Principal Investigators

Michael Richards, Ph.D. University of Rochester work 601 Elmwood Ave Rochester NY 14642 office: MC 2-6321 p (585) 273-1745
Karl Quentin Schwarz, M.D. University of Rochester work Box 679-E 601 Elmwood Ave Rochester NY 14642 office: MC G-0379 p (585) 275-8218
Michael C. Stoner, M.D. University of Rochester work Rochester NY

Lab Alumni

Photo of Akshay Rao
Akshay Rao

Visiting Student in Residence (Rochester Institute of Technology), 2013 – 2015

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Joseph Featherall, B.S.

Mechanical Engineer, currently attending a Postbaccalaureate Premedical Program at Columbia University

Bio

Joseph Featherall is a Mechanical Engineer, currently attending a Postbaccalaureate Premedical Program at Columbia University. Mr. Featherall received his Bachelor of Science from Rochester Institute of Technology in 2011. His interest in Medical education came from experiences he gained through a Volunteer program in Primary Care he undertook at the Wright Center for Graduate Medical Education in Scranton, PA.

During 2008 and 2009, Mr. Featherall led the design team which built the hemodynamic simulator currently being used in the lab to test and rupture aneurysm models. From July 9, 2012 to August 24, 2012, Mr. Featherall worked with Dr. Ankur Chandra in the Cardiovascular Engineering lab, managing lab projects, coordinating Engineering students and working on computational modeling of aortic and stent-graft structural mechanics and fluid dynamics using several programs.

During his time within the lab, Mr. Featherall also spent a significant amount of time identifying and applying to possible funding opportunities and collaborative partners. Mr. Featherall has applied for a Tech Transfer grant in order to bring the AV Fistula technology onto the market.

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Geni Gianotti

Biomedical Engineering student at Rochester Institute of Technology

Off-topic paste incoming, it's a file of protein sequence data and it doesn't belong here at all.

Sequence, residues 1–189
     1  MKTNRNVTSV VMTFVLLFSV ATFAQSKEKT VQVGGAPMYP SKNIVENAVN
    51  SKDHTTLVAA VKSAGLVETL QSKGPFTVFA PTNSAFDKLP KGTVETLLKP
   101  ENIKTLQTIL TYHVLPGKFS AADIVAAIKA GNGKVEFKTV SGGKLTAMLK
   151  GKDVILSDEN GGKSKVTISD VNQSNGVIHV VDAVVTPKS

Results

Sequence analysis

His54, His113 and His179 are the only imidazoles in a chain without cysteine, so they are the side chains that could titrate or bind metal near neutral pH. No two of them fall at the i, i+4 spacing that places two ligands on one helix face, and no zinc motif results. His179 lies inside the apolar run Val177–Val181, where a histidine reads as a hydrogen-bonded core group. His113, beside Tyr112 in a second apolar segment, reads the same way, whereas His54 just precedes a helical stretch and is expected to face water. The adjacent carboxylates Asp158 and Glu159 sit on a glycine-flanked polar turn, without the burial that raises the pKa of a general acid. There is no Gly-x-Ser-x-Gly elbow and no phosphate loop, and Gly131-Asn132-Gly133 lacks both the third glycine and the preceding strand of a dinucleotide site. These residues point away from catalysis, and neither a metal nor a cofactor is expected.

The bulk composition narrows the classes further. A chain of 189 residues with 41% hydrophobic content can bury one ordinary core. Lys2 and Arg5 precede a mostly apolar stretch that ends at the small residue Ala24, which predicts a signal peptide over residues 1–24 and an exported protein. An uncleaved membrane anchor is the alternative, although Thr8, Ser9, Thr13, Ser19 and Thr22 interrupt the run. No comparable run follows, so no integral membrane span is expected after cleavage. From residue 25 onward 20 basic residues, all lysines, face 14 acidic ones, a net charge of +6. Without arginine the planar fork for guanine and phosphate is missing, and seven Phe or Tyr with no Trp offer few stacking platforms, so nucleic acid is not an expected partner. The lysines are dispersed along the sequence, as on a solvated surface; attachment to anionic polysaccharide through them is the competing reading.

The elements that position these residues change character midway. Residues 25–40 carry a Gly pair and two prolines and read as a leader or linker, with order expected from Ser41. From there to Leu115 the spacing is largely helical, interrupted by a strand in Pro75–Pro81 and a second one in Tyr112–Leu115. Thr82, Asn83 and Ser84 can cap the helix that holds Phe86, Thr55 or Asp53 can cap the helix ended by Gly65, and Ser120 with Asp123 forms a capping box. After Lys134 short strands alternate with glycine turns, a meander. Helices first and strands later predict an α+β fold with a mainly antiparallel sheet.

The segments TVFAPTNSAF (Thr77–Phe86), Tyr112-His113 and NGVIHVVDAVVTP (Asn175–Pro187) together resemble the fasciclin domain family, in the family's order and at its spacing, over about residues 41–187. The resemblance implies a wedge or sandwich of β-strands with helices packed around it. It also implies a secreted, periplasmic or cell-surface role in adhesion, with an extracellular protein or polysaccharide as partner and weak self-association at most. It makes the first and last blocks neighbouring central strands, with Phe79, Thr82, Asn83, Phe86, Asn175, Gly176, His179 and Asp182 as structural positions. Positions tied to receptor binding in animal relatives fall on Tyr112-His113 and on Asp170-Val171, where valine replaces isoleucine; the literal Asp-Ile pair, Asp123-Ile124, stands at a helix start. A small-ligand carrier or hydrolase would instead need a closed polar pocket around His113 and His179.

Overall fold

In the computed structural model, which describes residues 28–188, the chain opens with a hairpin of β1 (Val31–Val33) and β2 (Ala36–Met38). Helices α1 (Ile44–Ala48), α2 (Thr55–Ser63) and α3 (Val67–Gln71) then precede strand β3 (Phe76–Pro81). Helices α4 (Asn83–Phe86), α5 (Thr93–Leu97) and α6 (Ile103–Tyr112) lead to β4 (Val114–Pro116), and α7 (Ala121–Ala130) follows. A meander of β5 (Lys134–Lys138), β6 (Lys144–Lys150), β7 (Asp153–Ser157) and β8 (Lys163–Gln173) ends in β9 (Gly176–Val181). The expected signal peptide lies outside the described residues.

Bio

Geni Gianotti is a third year Biomedical Engineering student at Rochester Institute of Technology. During Summer 2012, before entering the third year of her undergraduate degree, Ms. Gianotti worked as a co-op student in the Cardiovascular Engineering lab under Dr. Karl Schwarz. Ms. Gianotti began in the lab on May 29, 2012, and ended her co-op on August 10, 2012. She worked on the Contrast Fragility project with Dr. Schwarz where her main focus was the Echo Contrast Fragility project. Ms. Gianotti’s research focused on improving the limited quality of cardiac ultrasound imaging. Her main duties in this project involved using 2D imaging to decipher the effectiveness of using echo contrast agents composed of gas filled micro-bubbles. These are fragile agents, and Ms. Gianotti worked with a 2D imaging Vividi machine, and a generic flow system consisting of: a pump, flow meter, ultrasound exposure chamber, imaging chamber, laser, Canon EOS camera, a reservoir, PWD (Pulsed Wave Doppler), and a resistor, to determine the time taken to destroy a bolus of echo contrast with different ultrasound exposure intensities.

Ms. Giannoti conducted her experiments at RIT in the Laser lab of Dr. Steven Day. The processing and analysis of her data was carried out at the University of Rochester Medical Center. Following exceptional work with this project, Ms. Gianotti is considering a longer partnership with the lab, continuing throughout her school year.

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Mallory Wingate

Biomedical Engineering student at Rochester Institute of Technology

Bio

Mallory Wingate is a second year Biomedical Engineering student at Rochester Institute of Technology. Prior to entering the second year of her undergraduate degree, Ms. Wingate worked in the Cardiovascular Engineering lab as a Research Assistant during her 2012 Summer vacation. Between May and August 2012, Ms. Wingate worked closely with Dr. Ankur Chandra and Medical student Doran Mix, on the Abdominal Aortic Aneurysm project. Ms. Wingate’s main duties and focuses in this project included creating a 3D image from a CT scan using image segmentation, printing a 3D model of this image, and then using this to create molds. The molds were then used to create a patient-specific model of an aorta, containing an aneurysm made from hydrogel, a material which mimics the properties of human vessels very closely. Ms Wingate was then able to attach the models to a hemodynamic simulator and pulsate them, using physiologic pressure.

The models are used to see when, and where, rupture occurs. Ms. Wngate also recorded the stress and strain data from the aneurysm using ultrasound. These models are able to provide data about stress and rupture patterns in vessels before and after repair.

Recent Publications